“Just like homeowners, we want to be taxed fairly on the value of our buildings and land,” said Lowe’s spokeswoman Karen Cobb. Lowe’s said its stores generate jobs, pay state and local income tax, sales tax and property tax, and every year it routinely reviews property values assigned by county tax assessors to all 1,725 Lowe’s stores across the nation, she said.

Interesting: Michigan has been hit very hard by the “Dark Store” practice, snagging tax cuts as major as 50%.

Counties stand to lose millions of dollars if the dark-store method of assessing big-box stores continues to spread, according to the National Association of Counties. The county group cited a report that said in Michigan alone, store assessments have been reduced by $75 million. The dark-store strategy has also been used in Indiana, Florida, North Carolina and Alabama.

Detroit, Michigan’s largest city, filed for Chapter 9 bankruptcy protection in 2013. You cannot help but wonder how many nail this big box store strategy put into that city’s financial coffin.

 

4 Comment

  • What about those communities who have a plethora of empty retail space already? Will existing stores then claim that “hey, we are at least conducting business in your community so be grateful for that. If we pull out, you’ve got another empty storefront. So, about our taxes….” It’s economic blackmail.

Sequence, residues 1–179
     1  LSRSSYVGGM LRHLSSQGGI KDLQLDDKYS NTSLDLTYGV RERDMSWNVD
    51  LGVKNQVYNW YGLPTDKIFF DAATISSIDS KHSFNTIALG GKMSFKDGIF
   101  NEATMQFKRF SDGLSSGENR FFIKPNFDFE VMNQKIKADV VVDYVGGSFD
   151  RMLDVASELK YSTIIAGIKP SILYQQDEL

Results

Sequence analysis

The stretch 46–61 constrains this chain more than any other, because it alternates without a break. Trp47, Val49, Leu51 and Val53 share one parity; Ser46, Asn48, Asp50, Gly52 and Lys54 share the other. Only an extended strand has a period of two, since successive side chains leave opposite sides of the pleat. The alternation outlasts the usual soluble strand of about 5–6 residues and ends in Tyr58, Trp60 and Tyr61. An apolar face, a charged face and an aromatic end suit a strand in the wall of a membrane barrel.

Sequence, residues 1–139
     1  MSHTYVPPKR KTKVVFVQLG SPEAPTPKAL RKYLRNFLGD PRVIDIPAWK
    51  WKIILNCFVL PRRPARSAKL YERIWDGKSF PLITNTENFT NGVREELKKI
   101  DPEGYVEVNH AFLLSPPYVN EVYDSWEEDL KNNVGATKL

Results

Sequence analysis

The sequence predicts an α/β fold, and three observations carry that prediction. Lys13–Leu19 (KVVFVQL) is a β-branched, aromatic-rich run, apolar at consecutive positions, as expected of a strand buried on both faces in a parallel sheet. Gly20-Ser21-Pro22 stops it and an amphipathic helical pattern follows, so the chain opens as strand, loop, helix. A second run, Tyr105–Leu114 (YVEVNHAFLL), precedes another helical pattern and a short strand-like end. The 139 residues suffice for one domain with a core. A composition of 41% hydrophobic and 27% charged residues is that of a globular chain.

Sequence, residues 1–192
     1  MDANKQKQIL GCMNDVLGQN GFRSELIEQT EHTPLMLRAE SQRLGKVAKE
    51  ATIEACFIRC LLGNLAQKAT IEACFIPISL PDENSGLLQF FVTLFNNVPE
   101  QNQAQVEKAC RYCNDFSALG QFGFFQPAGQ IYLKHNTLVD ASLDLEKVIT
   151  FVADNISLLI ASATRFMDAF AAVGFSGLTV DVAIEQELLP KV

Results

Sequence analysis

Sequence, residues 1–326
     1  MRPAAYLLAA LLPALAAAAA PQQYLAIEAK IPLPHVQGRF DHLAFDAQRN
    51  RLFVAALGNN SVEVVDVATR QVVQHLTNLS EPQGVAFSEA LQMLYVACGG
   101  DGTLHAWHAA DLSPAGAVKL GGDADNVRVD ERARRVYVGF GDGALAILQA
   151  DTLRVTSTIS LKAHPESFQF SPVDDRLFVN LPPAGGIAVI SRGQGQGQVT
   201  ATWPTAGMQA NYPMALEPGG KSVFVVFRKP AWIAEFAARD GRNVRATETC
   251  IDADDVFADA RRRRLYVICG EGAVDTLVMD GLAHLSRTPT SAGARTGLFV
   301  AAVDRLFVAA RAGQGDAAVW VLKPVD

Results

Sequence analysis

This could really hit homeowners hard and have a domino effect of economic stagnation and diminished vibrancy at a time when distribution of the tax base is so important.

    We’ve got to have an advocate somewhere — whose cage can be rattled in the Lege or on a local level?

  • Maybe this theory worked in Michigan because the properties were located in MICHIGAN. In bad areas. Where nobody was willing to pay a lot of money for them.
    Ask yourself this – if you wanted to buy a 100,000 square foot retail space, why on earth would anyone you $80/square foot for it wheb there’s an identical one across the street available for $40/square foot?

  • What would happen if big box stores left? A bunch of little box stores would open with local ownership and local pride of place. You know…what was here before the big box ran them out of business.

    Again, call tax avoidance what it is, theft.

    Listen up builders…construct UGLY houses no one would ever want to buy so their owners can be taxed on lot value.